Presumably, this motley group will crisscross on the way to the Lost City, where conflicts and secrets will be respectively resolved and revealed in entertaining, swashbuckling fashion. Sorry, but you need a better director to tell a story like that. Ivy Ho’s script is generic but workable - if only Chu Yen-Ping (a.k.a. Kevin Chu) had any idea how to mix his story and action beats into something resembling a competent commercial film. Chu sets up some ideas at the very opening – including the existence of some mysterious martial arts hero called the “Eagle of the Desert” – but most of the time, he resorts to conveniently-timed flashbacks to flesh out his details. His storytelling choices hurt the film; instead of mixing action and exposition smartly, we get cheaply-inserted explanation at the most inopportune times. Relationships aren’t built or revealed as much as they are stated or quickly tossed out, verbally or through spoken metaphor. The details are ultimately known, but unfortunately in the most boring, unaffecting manner possible.

Breaking things up is Ching Siu-Tung’s action, which has a diverting, cheap wire-enhanced flair not unlike his nineties work. Treasure Hunter somewhat resembles Ching’s 1996 Jet Li vehicle Dr. Wai in “The Scripture with No Words” in its mixture of Indiana Jones and over-the-top wire-fu, but it lacks that film’s silly, pulpy charm. Despite some small moments of humor, Treasure Hunter takes itself too seriously, ultimately revealing its plot details and story developments for what they are – manufactured, generic nonsense that fails at aping a fan-favorite genre. More is learned about the expedition to the Lost City, Qiao Fei and Lan Ting’s past, and the could-be-cool “Eagle of the Desert”, but the details fail to register as interesting or consistent. The film glosses over seemingly important details (like, uh, people dying) while zeroing in on supposed key moments. It does so with zero convince. When the final, crucial plot detail is revealed, characters gasp and someone drops all his gold in shock, but will the audience really care? Doubtful. A three paragraph synopsis of this plot may be more exciting.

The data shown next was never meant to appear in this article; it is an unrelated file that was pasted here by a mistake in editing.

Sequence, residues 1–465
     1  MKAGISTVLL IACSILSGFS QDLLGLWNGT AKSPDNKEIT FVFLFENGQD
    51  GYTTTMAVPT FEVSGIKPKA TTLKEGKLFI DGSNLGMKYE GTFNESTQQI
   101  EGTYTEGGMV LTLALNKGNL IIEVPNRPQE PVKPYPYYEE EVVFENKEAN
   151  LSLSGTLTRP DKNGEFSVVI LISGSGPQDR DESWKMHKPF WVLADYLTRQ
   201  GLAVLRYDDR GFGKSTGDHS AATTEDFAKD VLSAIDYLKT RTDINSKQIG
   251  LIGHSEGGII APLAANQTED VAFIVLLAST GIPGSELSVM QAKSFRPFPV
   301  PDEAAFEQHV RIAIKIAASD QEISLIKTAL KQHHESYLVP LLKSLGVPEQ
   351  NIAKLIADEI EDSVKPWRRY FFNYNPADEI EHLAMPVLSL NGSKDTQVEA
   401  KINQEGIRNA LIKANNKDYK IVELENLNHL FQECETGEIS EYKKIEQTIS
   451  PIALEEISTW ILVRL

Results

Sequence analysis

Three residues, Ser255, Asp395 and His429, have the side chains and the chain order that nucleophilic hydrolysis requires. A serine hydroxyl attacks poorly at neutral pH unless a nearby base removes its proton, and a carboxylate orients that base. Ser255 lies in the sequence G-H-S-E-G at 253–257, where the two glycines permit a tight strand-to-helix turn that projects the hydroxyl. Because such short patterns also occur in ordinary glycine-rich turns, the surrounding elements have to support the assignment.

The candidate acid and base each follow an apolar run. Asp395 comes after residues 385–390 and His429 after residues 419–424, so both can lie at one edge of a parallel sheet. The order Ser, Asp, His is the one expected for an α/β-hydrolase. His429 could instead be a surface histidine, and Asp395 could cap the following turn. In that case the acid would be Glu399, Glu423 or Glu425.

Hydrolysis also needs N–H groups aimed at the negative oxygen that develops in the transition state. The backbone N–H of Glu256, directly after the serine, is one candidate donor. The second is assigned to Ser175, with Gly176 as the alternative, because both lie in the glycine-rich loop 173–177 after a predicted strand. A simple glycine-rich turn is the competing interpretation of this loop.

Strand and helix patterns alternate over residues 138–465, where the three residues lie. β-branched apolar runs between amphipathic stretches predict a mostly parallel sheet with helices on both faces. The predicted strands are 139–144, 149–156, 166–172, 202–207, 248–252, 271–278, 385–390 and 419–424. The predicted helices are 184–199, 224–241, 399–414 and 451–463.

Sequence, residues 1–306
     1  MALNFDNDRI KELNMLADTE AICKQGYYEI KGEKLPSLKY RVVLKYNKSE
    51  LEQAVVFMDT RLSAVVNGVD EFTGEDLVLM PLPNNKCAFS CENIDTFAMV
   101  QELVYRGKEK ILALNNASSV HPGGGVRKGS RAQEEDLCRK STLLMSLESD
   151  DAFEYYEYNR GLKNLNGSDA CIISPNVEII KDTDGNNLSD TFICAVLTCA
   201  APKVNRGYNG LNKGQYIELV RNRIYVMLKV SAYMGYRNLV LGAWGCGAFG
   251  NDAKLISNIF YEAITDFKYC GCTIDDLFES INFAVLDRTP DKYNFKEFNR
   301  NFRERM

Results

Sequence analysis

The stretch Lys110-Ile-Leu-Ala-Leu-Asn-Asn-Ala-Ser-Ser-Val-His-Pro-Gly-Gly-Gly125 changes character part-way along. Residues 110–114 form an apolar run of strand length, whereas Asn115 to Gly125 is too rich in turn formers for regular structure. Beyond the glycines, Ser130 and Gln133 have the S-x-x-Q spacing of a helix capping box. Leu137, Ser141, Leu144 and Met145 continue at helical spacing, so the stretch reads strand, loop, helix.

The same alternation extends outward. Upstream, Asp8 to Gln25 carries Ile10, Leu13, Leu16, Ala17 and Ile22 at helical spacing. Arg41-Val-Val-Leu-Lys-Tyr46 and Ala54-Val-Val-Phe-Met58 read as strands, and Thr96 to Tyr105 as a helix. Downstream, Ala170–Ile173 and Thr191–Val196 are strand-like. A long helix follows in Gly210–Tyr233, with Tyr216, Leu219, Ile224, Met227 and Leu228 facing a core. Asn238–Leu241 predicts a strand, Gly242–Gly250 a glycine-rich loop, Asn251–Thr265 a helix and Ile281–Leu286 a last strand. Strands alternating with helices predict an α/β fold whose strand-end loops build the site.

The saving grace of the film: the fine bucket of KFC you’re probably eating while the DVD is playing on your television. Treasure Hunter works as OK background chatter, which allows one to tune out the boring filler and pay attention only to the routine action, desert location shots and popular stars – though the latter don’t help that much. Jay Chou and Lin Chi-Ling show little chemistry in their pairing, and neither performs notably. Chou oddly resembles a young David Chiang here, but shows none of the “aw-shucks” charm that has, to date, been his only real successful screen persona. Lin Chi-Ling looks great but does little else, while Eric Tsang and Chen Dao-Ming have obviously done better work. Chu Yen-Ping has long been an easy target for critical scorn and Treasure Hunter won't change that. Back in the nineties some of his films actually did entertain, e.g. Flying Dagger or Young Policemen in Love, two crass commercial films that had cheesy charm that occasionally outshone their lack of craft or intelligence. Maybe one day we’ll feel the same about Treasure Hunter, and feel that its silly action and uneven performances qualify as cheap, harmless fun. But I doubt it. (Kozo 2010)

  Availability: DVD (Hong Kong)
Region 0 NTSC
Joy Sales (HK)
16x9 Anamorphic Widescreen
Original Language Track
Dolby Digital 5.1
Removable English and Chinese Subtitles

image credit: EEG Copyright ©2002-2017 Ross Chen